I arrived in Phoenix and had a choice to make.  I had to either go and see the Royals big club play a game in Tempe against the Angels or head to Surprise and try to find my way around the Royals camp and hopefully get a glimpse of some minor leaguers.  Since I will soon be able to see the Royals in action in Kansas City, I decided to head to Surprise.  When I arrived in Surprise, there were lots of cars piling into the parking lot and so I figured the Rangers were playing.  What I really wanted to do was see the Royals minor leaguers which people had told me was easy to do, but I was a little confused.  I bought a ticket for the game because I figured that I would need it to get into the spring training facilities.

The ballpark in Surprise is reminiscent of many AA ballparks.  The facility is extremely nice with a large grass outfield for lounging.  I bought myself an adult beverage and set out in search of minor league camp.  I made my way completely around the stadium and the closest I came to my goal were a couple of batting cages .  The Rangers vs Rockies game was about to start so I hit the outfield grass to watch my first game of the year.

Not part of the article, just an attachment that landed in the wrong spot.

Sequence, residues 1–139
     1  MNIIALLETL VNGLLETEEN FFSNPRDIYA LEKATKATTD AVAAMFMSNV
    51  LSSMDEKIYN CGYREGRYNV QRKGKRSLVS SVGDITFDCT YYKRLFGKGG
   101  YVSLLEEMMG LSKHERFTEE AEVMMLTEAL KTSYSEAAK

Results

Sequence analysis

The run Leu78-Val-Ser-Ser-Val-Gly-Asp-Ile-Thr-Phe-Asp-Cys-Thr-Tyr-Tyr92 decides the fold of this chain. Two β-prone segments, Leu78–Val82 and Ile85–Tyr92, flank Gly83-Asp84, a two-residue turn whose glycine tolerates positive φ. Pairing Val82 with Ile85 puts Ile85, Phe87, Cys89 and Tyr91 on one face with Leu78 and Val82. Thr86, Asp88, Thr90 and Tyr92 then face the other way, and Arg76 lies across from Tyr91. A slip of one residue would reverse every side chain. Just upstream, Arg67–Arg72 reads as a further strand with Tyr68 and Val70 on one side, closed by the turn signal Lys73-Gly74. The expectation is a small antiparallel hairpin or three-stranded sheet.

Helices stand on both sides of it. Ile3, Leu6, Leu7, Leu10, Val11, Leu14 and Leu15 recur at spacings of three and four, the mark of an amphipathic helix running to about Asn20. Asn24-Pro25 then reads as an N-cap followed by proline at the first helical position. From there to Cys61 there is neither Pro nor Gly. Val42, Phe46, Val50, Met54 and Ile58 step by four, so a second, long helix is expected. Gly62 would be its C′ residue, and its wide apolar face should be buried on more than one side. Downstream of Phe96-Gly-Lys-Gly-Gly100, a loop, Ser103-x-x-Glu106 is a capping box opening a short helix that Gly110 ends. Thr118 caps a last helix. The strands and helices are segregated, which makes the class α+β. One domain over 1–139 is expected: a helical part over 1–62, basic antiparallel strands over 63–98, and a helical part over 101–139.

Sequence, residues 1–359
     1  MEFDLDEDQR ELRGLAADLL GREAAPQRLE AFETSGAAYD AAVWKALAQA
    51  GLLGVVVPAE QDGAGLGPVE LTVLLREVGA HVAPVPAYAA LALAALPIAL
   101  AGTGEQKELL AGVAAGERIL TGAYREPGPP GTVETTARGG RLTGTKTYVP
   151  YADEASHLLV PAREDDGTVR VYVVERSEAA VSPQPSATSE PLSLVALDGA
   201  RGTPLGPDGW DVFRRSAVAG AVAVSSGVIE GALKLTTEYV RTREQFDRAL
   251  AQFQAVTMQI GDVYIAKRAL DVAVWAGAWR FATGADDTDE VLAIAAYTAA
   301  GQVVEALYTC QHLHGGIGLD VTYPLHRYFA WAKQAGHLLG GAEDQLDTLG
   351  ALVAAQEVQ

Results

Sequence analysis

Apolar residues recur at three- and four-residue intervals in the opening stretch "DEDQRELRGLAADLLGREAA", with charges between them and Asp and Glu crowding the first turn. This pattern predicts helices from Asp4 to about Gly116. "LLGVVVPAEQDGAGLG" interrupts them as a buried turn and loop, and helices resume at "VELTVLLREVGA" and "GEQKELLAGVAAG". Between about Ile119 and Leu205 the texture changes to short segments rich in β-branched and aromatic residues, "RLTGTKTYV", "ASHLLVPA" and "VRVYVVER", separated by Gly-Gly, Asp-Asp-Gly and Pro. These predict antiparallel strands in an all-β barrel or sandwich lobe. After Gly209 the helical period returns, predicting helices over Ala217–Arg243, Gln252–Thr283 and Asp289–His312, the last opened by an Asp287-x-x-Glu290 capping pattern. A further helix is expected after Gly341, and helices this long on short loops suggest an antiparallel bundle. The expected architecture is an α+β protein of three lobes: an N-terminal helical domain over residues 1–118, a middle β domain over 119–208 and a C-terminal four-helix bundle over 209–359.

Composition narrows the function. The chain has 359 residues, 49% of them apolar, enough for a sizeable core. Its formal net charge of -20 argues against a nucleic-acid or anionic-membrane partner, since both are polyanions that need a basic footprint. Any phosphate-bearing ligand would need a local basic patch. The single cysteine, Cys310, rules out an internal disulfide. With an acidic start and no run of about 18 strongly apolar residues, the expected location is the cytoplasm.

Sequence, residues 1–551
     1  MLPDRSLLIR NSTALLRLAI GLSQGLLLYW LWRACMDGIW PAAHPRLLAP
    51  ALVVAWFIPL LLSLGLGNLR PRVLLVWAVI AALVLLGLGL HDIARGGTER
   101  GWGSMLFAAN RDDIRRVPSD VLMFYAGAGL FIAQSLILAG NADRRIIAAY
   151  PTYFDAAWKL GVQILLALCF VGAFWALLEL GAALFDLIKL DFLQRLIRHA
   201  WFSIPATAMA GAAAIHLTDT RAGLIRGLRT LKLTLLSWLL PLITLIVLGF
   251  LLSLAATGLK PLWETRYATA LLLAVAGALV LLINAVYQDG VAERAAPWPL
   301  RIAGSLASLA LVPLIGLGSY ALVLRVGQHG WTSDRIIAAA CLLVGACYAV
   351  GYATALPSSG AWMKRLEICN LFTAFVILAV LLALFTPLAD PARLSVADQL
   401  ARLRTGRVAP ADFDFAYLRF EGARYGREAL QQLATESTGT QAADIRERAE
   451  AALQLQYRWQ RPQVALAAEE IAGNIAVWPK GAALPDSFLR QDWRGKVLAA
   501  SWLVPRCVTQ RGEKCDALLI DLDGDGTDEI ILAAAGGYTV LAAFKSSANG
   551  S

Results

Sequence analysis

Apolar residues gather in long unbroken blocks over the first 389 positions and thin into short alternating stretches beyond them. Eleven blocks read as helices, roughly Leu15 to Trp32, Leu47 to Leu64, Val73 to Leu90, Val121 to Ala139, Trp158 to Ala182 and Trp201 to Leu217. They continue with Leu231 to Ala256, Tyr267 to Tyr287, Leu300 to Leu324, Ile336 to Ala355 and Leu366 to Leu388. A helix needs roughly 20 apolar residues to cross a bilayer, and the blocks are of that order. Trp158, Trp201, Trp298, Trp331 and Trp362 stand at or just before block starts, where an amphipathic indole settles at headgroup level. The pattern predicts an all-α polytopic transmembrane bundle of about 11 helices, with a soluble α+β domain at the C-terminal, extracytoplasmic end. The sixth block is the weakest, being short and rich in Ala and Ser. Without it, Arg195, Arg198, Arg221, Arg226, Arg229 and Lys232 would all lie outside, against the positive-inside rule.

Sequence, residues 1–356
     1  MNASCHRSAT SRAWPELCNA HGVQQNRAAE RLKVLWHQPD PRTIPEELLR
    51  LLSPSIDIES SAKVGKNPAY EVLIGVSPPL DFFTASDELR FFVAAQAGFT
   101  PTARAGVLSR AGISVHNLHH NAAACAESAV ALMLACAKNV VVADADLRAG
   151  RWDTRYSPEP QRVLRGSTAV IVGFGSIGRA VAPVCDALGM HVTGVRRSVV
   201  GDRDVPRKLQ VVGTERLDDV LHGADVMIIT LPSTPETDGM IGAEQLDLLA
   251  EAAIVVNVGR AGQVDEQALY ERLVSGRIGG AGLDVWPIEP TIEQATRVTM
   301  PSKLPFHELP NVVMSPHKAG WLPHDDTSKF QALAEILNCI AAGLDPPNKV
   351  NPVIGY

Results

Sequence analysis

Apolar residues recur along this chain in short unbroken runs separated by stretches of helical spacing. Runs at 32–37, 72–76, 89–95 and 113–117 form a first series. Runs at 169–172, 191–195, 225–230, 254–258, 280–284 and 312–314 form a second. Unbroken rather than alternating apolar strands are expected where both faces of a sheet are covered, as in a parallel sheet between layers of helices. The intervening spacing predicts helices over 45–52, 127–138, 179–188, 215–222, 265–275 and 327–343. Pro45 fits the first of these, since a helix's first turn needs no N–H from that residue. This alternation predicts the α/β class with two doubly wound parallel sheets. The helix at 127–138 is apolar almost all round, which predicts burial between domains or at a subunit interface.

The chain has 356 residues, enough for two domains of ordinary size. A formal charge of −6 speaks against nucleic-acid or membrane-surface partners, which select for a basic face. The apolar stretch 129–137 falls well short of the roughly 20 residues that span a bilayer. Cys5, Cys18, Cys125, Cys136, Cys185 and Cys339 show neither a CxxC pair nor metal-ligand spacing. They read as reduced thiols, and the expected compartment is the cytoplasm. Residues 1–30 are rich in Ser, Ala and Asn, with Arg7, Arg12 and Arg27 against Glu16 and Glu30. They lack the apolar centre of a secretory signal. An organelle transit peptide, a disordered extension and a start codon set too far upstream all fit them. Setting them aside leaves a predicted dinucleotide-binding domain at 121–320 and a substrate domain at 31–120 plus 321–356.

After a few innings of the game I decided to ask one of the many friendly ushers how I could get to the back fields.  He told me to walk outside the gate and down a ways I would find a gate in the fence, which would be the entrance.  I got my hand stamped for re-entry and was on my way.

I found the barely marked gate and began walking into the Royals spring complex.  I was hoping that there was still some baseball being played on the back fields.    I heard some gloves popping and knew that there was at least something to see.   I saw some activity on a couple of fields and as I got closer I could see there were two games against Padres minor leaguers going on.

When I arrived at the games, I felt like I had stepped into a private party.  Frank White was the first face I recognized.   He was talking with some Royals front office folks and not far from him stood John Wathan.  The stands at the fields are literally smaller than the ones at the stadium where I play softball.   They may have room to hold 50 people or so.  However, you can stand right up against the fence and get extremely close to the action.  The group of people watching was an odd mixture of Royals employees, attractive young women and baseball nerds.

I am not a particularly good scout of players, but here are some quick notes on what I saw: